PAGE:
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While my wife was checking us into a park, I began unhooking the toad. I squatted down, for some reason, unlocked the tow arm opposite of me first, then pulled the hitch pin on my side, and then unlocked the arm on my side.

As soon as I unlocked the arm on my side, the Jeep began rolling forward, with me squatted between the Jeep and MH and having nowhere to go. Luckily, the opposite tow arm stopped it when the Jeep rolled forward enough to take the slack out of it.

Lesson learned - no matter how flat the ground appears, always set the parking brake before unhooking. In this case, the ground appeared level, and it never even crossed my mind that I needed to set the brake. I have not forgotten it ever since, though!
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Old 06-28-2022, 08:12 AM   #16
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Good thread on safety. It's the "evil" "distraction" that cause many problems while RVing. We all get into a habit when setting up, or knocking down. Most of the accidents happen when we get distracted from our routine. The dog is running loose. The neighbor comes over to chat while setting up. It goes on. Stick to your routine and beware Murphy's Law. Anything that can go wrong, will go wrong.

Regarding the X Chock story above, people need to realize that X Chocks are for trailer stability only. I do not use them without regular wheel chocks already in position to actually hold the trailer. There are a number of tales told here where the trailer has rolled in a steep situation when only X Chocks are used. If there had been wheel chocks also the above story may have had a different outcome.
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Old 06-28-2022, 08:17 AM   #17
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This should be a good thread!
First thing I drill into anybody with me is to NEVER get between the truck and the trailer during the hitching/unhitching process. For bumper pulls (where you have to get in between to complete the hook up), the driver is the only one who can perform this function.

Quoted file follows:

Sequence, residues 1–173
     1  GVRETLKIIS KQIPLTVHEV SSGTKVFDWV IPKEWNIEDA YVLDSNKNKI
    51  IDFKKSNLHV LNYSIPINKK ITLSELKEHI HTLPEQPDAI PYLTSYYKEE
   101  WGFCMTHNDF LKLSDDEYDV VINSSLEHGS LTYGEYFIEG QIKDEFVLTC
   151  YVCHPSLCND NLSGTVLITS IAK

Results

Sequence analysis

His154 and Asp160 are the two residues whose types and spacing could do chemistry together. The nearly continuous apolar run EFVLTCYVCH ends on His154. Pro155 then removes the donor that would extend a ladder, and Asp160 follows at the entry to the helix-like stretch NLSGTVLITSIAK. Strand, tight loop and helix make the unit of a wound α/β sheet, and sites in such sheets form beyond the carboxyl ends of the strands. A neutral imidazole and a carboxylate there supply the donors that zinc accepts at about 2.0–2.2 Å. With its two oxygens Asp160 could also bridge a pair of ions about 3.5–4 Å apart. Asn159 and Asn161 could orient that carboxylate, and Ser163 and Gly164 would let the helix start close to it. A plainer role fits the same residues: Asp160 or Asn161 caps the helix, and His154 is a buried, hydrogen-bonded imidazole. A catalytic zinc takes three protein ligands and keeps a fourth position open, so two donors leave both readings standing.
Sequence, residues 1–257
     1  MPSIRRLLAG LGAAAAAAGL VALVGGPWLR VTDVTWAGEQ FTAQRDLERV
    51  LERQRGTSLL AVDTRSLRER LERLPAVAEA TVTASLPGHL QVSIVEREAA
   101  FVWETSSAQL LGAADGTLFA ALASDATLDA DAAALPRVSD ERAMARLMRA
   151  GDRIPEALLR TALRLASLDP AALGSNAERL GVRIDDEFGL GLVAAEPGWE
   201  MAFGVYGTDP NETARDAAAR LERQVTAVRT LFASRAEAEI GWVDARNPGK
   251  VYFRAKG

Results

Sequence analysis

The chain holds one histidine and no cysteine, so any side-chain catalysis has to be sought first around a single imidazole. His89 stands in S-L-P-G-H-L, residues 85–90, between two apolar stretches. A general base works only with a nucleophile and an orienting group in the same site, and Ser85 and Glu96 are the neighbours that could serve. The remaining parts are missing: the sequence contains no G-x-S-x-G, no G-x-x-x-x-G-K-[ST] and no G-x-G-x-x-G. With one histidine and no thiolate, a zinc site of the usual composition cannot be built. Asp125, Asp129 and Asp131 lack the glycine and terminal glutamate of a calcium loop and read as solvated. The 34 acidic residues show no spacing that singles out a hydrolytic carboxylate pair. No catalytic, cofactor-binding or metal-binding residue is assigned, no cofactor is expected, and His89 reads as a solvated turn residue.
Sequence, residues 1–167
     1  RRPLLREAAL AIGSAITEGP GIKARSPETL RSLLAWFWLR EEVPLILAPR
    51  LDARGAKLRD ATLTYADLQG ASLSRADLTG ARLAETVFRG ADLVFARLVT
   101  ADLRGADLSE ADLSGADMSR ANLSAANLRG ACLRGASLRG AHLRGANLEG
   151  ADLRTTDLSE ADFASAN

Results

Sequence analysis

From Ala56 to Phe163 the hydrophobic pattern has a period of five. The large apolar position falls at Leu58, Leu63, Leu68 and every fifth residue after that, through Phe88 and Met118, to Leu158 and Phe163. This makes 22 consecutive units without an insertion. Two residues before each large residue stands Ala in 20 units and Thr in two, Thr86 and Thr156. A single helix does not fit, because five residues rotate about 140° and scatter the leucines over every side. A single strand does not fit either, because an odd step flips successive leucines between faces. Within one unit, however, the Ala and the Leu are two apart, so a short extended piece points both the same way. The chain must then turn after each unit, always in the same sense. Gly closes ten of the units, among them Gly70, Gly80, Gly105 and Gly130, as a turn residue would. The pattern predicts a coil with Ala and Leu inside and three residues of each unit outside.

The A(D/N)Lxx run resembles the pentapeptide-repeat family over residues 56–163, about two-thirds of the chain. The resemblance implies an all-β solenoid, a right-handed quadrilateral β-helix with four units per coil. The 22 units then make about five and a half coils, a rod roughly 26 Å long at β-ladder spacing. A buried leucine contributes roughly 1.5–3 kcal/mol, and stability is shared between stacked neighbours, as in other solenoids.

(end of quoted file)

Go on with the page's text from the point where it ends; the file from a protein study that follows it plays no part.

Have been several accidents on the farm that could have been avoided by paying attention to this rule.
Another rule is only one person helps me backup when we get to a site, all others (usually grandkids) stay in the truck. The truck doesn't move if I can't see that backup help in the mirrors.
Had a friend trap his wife between the trailer bumper and a bushy tree once. Didn't hurt her other than scrapes, but he never did that again!!!

DON'T take instructions from ANYONE but your co-pilot. I had a friendly back me into a ditch once.

If you can't see and can't hear your co-pilot, DON'T MOVE.

If you are unsure of clearances, stop and check yourself.
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Old 06-28-2022, 08:19 AM   #18
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Regarding the X Chock story above, people need to realize that X Chocks are for trailer stability only. I do not use them without regular wheel chocks already in position to actually hold the trailer. There are a number of tales told here where the trailer has rolled in a steep situation when only X Chocks are used. If there had been wheel chocks also the above story may have had a different outcome.
Yep, we have several threads on this, and even though the manufacturer of x-chocks specifically state that their product is for stability and to be used in conjunction with wheel chocks, there are always the doubters.
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Old 06-28-2022, 08:30 AM   #19
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Did he finish her off the next trip, or did she finish him off?
LOL! Oh, he is still alive, but when he pulled forward so she could escape he was as close to death without dieing as you can get, and that was just from the look she gave him! He was definitely fetching and catching for her the rest of that trip
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Old 06-28-2022, 08:46 AM   #20
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Originally Posted by NMWildcat View Post
This should be a good thread!
First thing I drill into anybody with me is to NEVER get between the truck and the trailer during the hitching/unhitching process. For bumper pulls (where you have to get in between to complete the hook up), the driver is the only one who can perform this function.
Have been several accidents on the farm that could have been avoided by paying attention to this rule.
Another rule is only one person helps me backup when we get to a site, all others (usually grandkids) stay in the truck. The truck doesn't move if I can't see that backup help in the mirrors.
Had a friend trap his wife between the trailer bumper and a bushy tree once. Didn't hurt her other than scrapes, but he never did that again!!!
Probably the most important thing to remember! Every time my bride hops out of the cab to ground guide me I tell her "If you can't see a mirror I can't see you", and "If you have to check something on the other side STOP ME, go check, then come back into view".